Equities Strategy: the Repercussions of the US Tax Reform and the Sector Rotation
The US Congress is likely to pass the tax reform before year-end. This news triggered a sector rotation on the US market.
The US tax reform saga continues. On 2 December, no doubt spurred by the next mid-term elections scheduled for November 2018, American senators finally succeeded in passing (albeit narrowly) a bill to cut taxes on businesses, and to a lesser extent, individuals. Corporate tax could be slashed from 35% to 20%, tax imposed on foreign earnings could be reduced and certain tax breaks revisited. Total tax cuts over the next ten years are estimated at $1,400 billion. The game is not over because the two chambers (House of Representatives and Senate) must now find a compromise between their respective versions. The final tax brackets have not yet been unveiled. Nonetheless, political observers appear confident in a potential “reconciliation” between the two versions.
In this context, what is the impact on stock markets? The implementation of substantial tax cuts would certainly drive up the profitability of American companies. The policy encouraging the repatriation of foreign earnings coupled with tax cuts imposed on companies domiciled in the US would prompt analysts to revise up their earnings estimates. With higher earnings per share (EPS), a decline in US valuations would logically occur.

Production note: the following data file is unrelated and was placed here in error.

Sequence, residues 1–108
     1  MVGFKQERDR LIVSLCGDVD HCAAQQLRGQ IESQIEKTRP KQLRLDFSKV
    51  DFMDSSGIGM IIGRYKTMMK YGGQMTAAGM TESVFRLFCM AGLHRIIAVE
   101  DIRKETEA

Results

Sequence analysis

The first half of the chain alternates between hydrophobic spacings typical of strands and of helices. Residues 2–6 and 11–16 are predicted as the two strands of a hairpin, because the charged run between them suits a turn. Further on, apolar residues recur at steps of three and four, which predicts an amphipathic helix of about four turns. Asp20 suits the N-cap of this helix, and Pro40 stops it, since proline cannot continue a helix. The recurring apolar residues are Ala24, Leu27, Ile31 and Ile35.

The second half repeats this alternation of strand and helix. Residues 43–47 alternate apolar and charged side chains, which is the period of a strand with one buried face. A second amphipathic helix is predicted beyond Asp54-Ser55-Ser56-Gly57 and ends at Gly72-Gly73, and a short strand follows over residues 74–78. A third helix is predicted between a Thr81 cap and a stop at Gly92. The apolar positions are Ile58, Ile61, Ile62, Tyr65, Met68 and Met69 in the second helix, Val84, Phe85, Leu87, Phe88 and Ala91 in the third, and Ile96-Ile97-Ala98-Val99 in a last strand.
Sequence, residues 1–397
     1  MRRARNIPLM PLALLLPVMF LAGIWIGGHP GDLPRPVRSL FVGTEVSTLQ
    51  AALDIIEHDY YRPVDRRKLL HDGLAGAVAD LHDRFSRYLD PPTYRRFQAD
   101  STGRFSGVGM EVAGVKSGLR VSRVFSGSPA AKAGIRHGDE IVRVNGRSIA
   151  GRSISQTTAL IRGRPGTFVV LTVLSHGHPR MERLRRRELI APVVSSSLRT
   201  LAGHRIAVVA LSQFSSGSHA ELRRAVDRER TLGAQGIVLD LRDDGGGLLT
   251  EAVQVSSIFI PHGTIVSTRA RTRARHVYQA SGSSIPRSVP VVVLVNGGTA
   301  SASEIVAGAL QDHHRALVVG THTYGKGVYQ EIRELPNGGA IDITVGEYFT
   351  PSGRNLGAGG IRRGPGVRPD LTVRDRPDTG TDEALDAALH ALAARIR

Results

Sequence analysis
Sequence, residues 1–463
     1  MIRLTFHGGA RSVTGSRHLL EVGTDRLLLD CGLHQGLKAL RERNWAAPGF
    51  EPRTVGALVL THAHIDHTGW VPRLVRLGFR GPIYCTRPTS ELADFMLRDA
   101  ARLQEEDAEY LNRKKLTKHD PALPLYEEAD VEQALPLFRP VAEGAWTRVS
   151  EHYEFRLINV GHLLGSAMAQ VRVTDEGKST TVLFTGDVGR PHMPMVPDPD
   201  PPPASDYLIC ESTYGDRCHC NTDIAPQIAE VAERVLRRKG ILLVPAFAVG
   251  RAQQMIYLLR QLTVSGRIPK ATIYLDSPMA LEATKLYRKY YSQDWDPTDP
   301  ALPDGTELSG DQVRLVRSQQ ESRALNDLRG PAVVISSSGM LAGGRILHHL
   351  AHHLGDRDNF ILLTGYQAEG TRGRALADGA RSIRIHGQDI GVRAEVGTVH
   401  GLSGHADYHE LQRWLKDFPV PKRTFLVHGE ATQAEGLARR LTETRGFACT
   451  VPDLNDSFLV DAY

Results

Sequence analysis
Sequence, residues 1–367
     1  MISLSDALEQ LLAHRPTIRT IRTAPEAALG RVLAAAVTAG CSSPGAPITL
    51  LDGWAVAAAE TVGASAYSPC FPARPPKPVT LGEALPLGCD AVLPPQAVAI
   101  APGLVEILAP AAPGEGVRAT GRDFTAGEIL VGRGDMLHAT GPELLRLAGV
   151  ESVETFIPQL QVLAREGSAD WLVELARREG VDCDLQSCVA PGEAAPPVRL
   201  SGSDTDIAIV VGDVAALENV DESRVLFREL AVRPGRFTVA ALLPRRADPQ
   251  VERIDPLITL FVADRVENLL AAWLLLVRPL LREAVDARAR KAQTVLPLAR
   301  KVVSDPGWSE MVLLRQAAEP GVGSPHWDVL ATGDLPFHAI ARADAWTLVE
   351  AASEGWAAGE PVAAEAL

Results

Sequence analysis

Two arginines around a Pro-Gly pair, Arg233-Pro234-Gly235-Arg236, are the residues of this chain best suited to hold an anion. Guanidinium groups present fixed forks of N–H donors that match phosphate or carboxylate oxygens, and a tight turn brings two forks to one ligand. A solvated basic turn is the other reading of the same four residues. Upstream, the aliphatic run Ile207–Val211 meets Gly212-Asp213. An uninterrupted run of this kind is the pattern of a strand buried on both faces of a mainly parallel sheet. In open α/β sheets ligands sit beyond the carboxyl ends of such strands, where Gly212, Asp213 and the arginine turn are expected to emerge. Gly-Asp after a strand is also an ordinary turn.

Beyond this general effect on business profitability, who will be the real winners (and losers) of this tax reform?
Even though the reform’s impact on a company will essentially depend on its specific tax situation, there could be differences across sectors. The effective tax rate may vary from one company to the next according to the nature of its business activity. In other words, US companies generating a large slice of their earnings on home soil should enjoy greater benefits. Clearly these will be direct (immediate tax cuts), but also indirect (stronger economic growth, and thus higher demand in the US).
A simple exercise consists in ranking US sectors according to their share of revenues generated in the US. Telecom companies (more than 90% of revenues are home-grown), financials (80%) and utilities (more than 90%) largely depend on domestic demand, whereas technology is the most international sector (45% of domestic revenues and only 15% for its semi-conductors sub-sector).
However, on the US stock market, the first two sectors rebounded after the Senate vote, to the detriment of technology stocks (growth stocks) which were trading at high valuation levels.
The sector rotation, which seems to be favouring “value” stocks, could continue in the coming months. The prospect of a tax reform in the US raises hopes that the economic cycle— already in the late stages—will be extended. US economic growth could reach 3% in 2018, driven by consumption and investment. The unemployment rate might hit a 50-year low, and consequently, inflation would edge up. This reflationary environment therefore offers greater potential for discounted (cyclical) stocks, e.g. financials. Hence it is essential to follow the US economy and the tax debate over the coming weeks to know whether it is relevant to maintain an interest in US “value” stocks.